Mean Things Come in Small Packages
I don’t know what’s going on with the Universe right now, but I’m guessing it has something to do with the tides and the moon and waxing and waning and the frogs in the pond in front of my house because I have been attacked by not one, but two dogs in the past 5 days.
And the humiliating thing is that they’re not even dog dogs. Each was a little rat-yapper, adorable and cuddly on the outside, and vicious, maniacal, bad-ass dog wannabes on the… well… outside.
In order for you to understand my seemingly irrational fear of these 4-pound monsters with sharp, sharp teeth, I need to take you back to the summer of 2004, when Justin and I lived in our first horrible apartment together in Valdosta, Georgia. It was the kind of place where we could hear our neighbors screaming at each other in thick, southern accents through uninsulated walls, and where large, burley men named “Chops” drank beers from coolers in the back of their pickup trucks in the parking lot.
It’s important for you to know that I am not even exaggerating a little.
And Chops was actually a really nice guy. He almost always offered me a beer.
One particularly beautiful day, I decided to take a walk through the ‘hood. (In retrospect, this was not my most brilliant idea, considering we lived on the edge of exactly that — a ‘hood.) I passed a home with two adorable black and brown daschunds (those ridiculous but oh-so-cute little wiener dogs) playing in the front yard. I noticed that one was tied up and the other was not, and it occurred to me that the untied dog was probably a stray.
Now. I’m the type of person who, if I encounter a stray dog that I don’t deem dangerous, will try to “save” it and find its proper owners. So I crouched down on the sidewalk, a good 20 feet away from the stray, and extended my hand, palm-up, as an offering of peace and friendship — the human equivalent of an offered butt to sniff.
Come here, little fella. Let me see if you have a collar.
The dog’s response?
His hairs immediately stood in a straight line down his back — a line I call the line of meanness when it comes to angry dogs — a line that says, you probably shouldn’t f*ck with me right now because I have a line of meanness running straight down my back that displays my unmistakable ferocity to would-be predators.
Then he bared his teeth. A mouth full of sharp little angry alligator teeth that — I’m not going to lie — would most definitely hurt if they were to chomp down on… say may ankle, since that’s about as high as he could reach.
And then? Then he barked. Well. It wasn’t so much a bark as a yap that just wouldn’t stop, and it struck me as ridiculously hilarious that this little turd of a dog responded to my mild approach in full-on attack mode.
It was like this, except meaner. Much, much meaner.
But here’s where it gets embarrassing. The second the chuckle escaped my lips, the dog took off, headed straight for my face. Apparently, he did not find it amusing.
So, I reacted with my gut, and I ran. I ran back the direction I’d come, and that little effer chased me down the street. Once he felt I was a suitable distance away from the house, his line of meanness flattened out and he returned to his docile playmate, still tied up in the yard.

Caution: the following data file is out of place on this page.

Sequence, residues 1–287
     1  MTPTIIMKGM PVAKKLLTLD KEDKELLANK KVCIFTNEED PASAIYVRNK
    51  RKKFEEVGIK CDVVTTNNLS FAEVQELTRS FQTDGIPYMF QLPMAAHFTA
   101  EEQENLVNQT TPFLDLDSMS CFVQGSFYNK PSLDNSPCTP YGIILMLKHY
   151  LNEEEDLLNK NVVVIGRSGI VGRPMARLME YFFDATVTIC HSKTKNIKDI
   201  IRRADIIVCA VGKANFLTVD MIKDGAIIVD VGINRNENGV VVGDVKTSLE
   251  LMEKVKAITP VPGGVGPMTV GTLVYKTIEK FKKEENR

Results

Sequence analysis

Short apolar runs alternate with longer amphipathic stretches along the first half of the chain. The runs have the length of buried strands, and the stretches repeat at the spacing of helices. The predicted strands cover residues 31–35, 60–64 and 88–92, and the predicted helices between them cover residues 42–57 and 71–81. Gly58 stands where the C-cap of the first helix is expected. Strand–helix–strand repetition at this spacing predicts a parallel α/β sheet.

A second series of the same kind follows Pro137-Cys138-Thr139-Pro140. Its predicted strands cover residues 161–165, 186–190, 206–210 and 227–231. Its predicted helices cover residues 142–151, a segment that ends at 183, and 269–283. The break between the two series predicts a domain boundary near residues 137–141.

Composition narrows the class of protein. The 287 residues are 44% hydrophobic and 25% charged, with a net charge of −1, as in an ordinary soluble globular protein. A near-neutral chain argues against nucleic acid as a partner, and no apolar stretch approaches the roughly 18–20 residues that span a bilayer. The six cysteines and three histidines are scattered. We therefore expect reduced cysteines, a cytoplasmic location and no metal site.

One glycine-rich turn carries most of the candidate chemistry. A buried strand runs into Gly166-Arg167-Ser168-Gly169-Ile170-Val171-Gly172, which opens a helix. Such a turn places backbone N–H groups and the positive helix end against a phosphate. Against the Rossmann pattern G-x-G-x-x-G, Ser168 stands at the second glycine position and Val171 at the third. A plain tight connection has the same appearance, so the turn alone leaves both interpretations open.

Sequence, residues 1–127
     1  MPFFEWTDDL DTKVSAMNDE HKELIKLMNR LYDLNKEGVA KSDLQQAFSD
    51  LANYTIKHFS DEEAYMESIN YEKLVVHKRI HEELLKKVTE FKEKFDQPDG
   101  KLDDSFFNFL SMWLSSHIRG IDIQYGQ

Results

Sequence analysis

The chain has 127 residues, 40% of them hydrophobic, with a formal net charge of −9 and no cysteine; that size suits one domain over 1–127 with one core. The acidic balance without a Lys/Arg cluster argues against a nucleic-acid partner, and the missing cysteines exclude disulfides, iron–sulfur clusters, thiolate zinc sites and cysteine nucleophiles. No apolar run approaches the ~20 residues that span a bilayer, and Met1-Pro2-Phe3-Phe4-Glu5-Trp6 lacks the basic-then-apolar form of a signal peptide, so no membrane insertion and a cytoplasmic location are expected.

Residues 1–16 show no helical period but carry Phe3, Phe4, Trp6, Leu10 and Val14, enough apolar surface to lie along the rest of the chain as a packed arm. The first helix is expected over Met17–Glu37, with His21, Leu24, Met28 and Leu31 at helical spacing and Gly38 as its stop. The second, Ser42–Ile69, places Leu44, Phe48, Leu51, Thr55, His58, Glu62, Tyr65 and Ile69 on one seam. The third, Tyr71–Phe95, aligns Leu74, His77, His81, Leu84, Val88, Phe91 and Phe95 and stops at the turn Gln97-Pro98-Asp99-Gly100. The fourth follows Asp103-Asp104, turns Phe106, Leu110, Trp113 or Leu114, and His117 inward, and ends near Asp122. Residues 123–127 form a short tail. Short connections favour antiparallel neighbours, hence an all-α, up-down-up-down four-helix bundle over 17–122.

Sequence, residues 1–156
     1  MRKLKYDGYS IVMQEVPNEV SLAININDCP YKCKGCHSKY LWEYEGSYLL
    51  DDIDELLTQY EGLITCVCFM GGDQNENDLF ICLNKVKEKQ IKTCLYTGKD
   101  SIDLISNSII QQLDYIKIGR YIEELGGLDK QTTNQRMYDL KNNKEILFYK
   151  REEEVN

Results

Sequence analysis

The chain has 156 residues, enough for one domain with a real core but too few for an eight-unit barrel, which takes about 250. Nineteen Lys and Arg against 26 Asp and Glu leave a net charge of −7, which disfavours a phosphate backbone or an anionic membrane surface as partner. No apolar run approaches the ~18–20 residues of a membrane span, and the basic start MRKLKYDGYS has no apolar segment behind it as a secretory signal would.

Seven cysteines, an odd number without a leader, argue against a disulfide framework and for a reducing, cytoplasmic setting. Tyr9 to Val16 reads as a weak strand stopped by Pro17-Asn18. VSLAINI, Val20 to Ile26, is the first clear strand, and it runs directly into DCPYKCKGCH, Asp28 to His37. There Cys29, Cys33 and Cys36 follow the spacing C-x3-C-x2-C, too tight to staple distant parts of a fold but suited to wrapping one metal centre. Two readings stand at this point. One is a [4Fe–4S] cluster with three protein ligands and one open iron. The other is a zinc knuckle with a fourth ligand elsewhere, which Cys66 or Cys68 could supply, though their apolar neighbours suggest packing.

What. The. Hell.
That did not just happen. I turned around, determined to pull up my big girl panties and pass the house unscathed, but the second he sensed my approach, up went the hairs and out came the teeth, like I’d angered the Hulk or something in wiener dog form, and you know what I did?
I went down another block to pass the house.
It was an emotionally traumatic experience.
So, fast forward seven years to my latest encounter this past weekend with the yappy little mutt of my neighbor’s who, while he appears ferocious and hyper as little dogs go, is usually very licky and wiggly when you actually head over to play.
But not this time.
This time, for some inexplicable reason, he found it pertinent to latch himself to my arm using only his teeth, and let me tell you — it hurt like a sonofabitch.
I impulsively dislodged the dangling black critter’s teeth from my flesh and continued next door to complete the task I’d set out to start, which was letting my other neighbors’ dogs outside while the owners were out-of-town — much nicer and gentler dogs in the form of a German Shepherd and Chow-mix. Then I headed home to Justin’s graduation party and dulled the pain with Cabernet and Southern Comfort, though not at the same time.
The bite left a small wound and a bruise that has since turned a lovely shade of yellow and will probably leave a scar as a helpful reminder that tiny, vicious dogs are not to be trusted.
And just in case I didn’t get the message, I was walking Mara across a dam in our neighborhood yesterday, when from out of nowhere this little yapper was suddenly about 10 feet behind us and closing in quick, the line of meanness prominently standing on its deceivingly adorable and fuzzy little back.
Startled, we turned to face it head-on.
Luckily this time, I was prepared. I was prepared with a beast who had 50 pounds on this thing easy, and all Mara had to do was take one aggressive step in its direction in my defense, and it immediately pulled a 180 and ran off from whence it came.
Now I’m pretty sure I can never leave home without her.
*Disclaimer: I do NOT think all small dogs are mean. I have met plenty of friendly daschunds and other yappers who haven’t attacked me. It just so happens to be that those are the only kinds of dogs who have attacked me, hence the generalization.